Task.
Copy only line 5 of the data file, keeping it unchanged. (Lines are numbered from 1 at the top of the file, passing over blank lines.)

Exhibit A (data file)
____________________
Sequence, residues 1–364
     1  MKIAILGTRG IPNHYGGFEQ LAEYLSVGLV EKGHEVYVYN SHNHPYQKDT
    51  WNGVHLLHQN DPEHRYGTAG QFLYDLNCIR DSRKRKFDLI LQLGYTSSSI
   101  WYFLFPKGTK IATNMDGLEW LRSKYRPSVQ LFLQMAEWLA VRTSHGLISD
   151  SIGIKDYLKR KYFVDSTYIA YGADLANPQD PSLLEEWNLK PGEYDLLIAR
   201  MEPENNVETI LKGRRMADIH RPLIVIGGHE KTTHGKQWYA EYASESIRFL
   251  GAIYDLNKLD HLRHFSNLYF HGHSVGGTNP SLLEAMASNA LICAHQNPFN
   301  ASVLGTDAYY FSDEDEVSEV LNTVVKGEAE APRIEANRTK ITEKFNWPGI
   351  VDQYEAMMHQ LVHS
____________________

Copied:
   151  SIGIKDYLKR KYFVDSTYIA YGADLANPQD PSLLEEWNLK PGEYDLLIAR